"Oh, didn't I tell you?" Mom said. "I'm going to move to Wallingford and rent a house off campus. I already got a job working in the Choate dining hall." "Don't even joke," I said. "Nobody will know I'm your mother. You won't even have to say hi. I just want to look at your gorgeous face every day. But a little wave every now and then would sure warm a mum's heart." She did that last part sounding like a leprechaun. "Mom!" I said. "You have no choice in it," she said. "I'll be lurking behind the sneeze guards with my plastic gloves, serving hamburgers on Wednesdays, fish on Fridays--" "Dad, make her stop."
Bee's dad Elgin is a brilliant manager at Microsoft and has the third most-watched TED talk in the world, when he unveiled an amazing microchip that harnesses the power of mental imagery to do tasks for you that you don't want to do. (HELLO, can I get one of these to clean my cat's litter box?)
Meanwhile, intrusive neighbor Audrey is planning to host the "Prospective Parent Brunch Committee" organized by the paid consultant Ollie-O, who sends emails to motivate the school parents to recruit high profile parents (aka "Mercedes Parents") in order to elevate the school's reputation, like:
From: Ollie-O To: Prospective Parent Brunch Committee
REAL-TIME FLASH! We're up to 60 RSVPs! I'm just throwing out some fertilizer, but: Pearl Jam. I hear they've got kids entering kindergarten. If we get one of them--it doesn't have to be the singer--I can grow it.
Later Ollie plans the brunch at Audrey's house:
Principal Gwen Goodyear will be stationed at the door, bidding adieux, and handing out Galer Street swag. There is no way to overemphasize the importance of this. Just because they're Mercedes Parents doesn't mean they're not highly receptive to free shit. (Excuzey-moi!)
When the brunch turns disastrous, the school calls on a famous PTSD psychologist to intervene. The psychologist's letter had me howling!
I truly enjoyed the correspondence between Audrey and her friend Soo-Lin, who also has children that attend Galer. Soo-Lin ends up being the administrative assistant for Bee's father Elgin at Microsoft. Soo-Lin's part of VAV: Victims Against Victimhood, and spreads the word wherever she goes. The ridiculous VAV acronyms remind me of self-help groups gone wrong (so wrong).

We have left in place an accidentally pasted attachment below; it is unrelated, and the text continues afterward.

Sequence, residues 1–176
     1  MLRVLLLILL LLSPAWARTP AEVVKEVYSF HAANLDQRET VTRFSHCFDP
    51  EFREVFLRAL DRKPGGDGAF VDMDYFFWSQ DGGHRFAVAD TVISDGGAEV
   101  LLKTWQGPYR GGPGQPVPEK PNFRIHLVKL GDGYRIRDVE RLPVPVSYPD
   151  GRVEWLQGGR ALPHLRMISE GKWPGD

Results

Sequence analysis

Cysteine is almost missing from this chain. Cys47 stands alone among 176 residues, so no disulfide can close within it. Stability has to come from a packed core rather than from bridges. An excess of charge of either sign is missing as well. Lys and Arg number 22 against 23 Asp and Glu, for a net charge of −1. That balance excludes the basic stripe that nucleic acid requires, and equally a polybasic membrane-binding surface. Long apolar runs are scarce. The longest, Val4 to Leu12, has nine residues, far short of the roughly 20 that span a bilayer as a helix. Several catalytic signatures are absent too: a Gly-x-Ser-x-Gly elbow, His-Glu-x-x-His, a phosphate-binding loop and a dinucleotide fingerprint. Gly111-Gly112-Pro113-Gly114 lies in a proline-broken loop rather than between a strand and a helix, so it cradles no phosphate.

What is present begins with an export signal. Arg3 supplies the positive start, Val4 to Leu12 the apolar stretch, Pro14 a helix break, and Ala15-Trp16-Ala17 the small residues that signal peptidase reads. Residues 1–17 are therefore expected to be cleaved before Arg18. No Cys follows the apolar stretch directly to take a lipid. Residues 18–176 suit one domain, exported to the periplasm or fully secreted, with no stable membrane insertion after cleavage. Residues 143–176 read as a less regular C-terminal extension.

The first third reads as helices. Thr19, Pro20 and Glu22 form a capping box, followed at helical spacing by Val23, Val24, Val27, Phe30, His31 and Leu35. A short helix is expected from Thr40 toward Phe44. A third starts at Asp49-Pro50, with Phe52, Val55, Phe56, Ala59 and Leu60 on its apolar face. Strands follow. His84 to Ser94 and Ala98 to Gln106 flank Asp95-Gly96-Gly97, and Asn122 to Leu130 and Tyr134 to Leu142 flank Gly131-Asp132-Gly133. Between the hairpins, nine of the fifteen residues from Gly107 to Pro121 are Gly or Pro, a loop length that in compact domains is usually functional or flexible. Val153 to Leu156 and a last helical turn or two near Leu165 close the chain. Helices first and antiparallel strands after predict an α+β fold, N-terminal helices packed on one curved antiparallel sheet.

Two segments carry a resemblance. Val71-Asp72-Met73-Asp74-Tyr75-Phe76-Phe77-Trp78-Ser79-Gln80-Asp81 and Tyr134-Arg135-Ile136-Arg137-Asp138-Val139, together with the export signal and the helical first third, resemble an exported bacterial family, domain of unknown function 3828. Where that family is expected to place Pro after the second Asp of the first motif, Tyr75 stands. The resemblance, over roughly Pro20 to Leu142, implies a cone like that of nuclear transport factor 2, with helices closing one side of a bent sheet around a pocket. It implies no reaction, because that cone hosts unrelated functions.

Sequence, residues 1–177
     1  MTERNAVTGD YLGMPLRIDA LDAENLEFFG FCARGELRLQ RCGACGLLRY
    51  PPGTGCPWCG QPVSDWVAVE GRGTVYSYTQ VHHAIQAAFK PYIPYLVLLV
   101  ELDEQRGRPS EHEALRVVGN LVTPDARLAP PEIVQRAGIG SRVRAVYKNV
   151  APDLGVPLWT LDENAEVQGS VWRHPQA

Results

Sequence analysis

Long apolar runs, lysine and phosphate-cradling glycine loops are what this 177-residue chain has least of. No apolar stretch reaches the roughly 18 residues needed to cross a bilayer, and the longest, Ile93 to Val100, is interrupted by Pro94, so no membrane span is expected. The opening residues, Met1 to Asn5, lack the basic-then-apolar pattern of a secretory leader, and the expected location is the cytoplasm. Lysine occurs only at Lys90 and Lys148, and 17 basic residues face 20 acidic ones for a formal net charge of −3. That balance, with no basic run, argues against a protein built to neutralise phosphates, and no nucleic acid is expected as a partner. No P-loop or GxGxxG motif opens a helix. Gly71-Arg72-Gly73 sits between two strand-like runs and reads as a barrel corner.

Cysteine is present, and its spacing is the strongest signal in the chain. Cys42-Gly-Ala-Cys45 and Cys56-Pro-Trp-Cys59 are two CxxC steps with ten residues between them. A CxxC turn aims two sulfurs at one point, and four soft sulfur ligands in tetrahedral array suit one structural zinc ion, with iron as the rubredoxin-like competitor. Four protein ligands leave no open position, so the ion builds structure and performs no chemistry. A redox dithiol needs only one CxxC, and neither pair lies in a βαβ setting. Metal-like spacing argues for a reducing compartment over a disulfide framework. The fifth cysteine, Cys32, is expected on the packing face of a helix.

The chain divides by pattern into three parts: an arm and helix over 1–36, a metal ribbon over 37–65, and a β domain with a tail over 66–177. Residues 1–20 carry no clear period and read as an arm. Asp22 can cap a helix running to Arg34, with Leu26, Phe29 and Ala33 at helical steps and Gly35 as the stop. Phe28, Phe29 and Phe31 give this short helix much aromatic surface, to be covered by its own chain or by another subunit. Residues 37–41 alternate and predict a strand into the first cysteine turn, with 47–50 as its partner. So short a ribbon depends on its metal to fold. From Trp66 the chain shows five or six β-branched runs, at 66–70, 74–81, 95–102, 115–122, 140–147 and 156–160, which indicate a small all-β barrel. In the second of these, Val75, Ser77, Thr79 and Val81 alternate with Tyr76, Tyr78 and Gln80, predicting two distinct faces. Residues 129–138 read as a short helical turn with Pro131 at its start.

Seattle is a wonderful setting. The author even mentions my favorite restaurant Wild Ginger!
Bernadette off-handedly promised Bee they would go on a trip to Antartica if Bee gets straight "A"s in middle school (or in Galer's case, straight "S"s for "surpasses excellence" since they don't believe in grades). Naturally genius-child Bee achieves the grades and now the social recluse Bernadette and her workaholic husband need to follow through on their promise.
Will Bee's family ever be accepted by the Prospective Parent Brunch Committee? Will they make it to Antartica? Will Bee's father become part of her life again instead of holing himself up at Microsoft? Will Bernadette stay eccentric or succumb to mental illness?
A Woman in Search of Her O, And Clive the Cat Steals the Show
While I giggled throughout Alice Clayton's debut novel The Unidentified Redhead, this booA Woman in Search of Her O, And Clive the Cat Steals the Show
While I giggled throughout Alice Clayton's debut novel The Unidentified Redhead, this book stepped up the zany fun to the point I was laughing almost every page! Added to the humor was compelling characterization, crisp dialogue, and emotional punch that made this a definite 5 star read for me.
Interior designer Caroline Reynolds (hey I just realized that's the name of the evil vice president from the TV show Prison Break) moves into a San Francisco apartment. Her mischievous cat Clive comes with her, but her orgasm does not. It's been missing for months after a not-so-sexy rapid-fire bed battle with her ex Cory, and Caroline is climbing the walls to get it back. It doesn't help when her bedroom wall bangs with the sexcapades of her neighbor Simon and his "harem", including the spankee, giggler, and meower. The meower totally turns Clive on.
They say when a soldier loses a leg in battle, sometimes, late at night, he can still feel twinges of that leg -- phantom pain, they call it. I lost my O in battle, the battle of Cory Weinstein, that machine-gun fucker -- and I was still feeling the aftershocks. I'd been feeling twinges of the phantom O all week long.
One night Caroline dons a pink nightie to get in the mood and starts fantasizing about George Clooney. She's about to recapture her missing O when the banging interrupts her, and she flies next door to chew out her man-whore neighbor. It's the beginning of a hilarious wallbanger of a romance.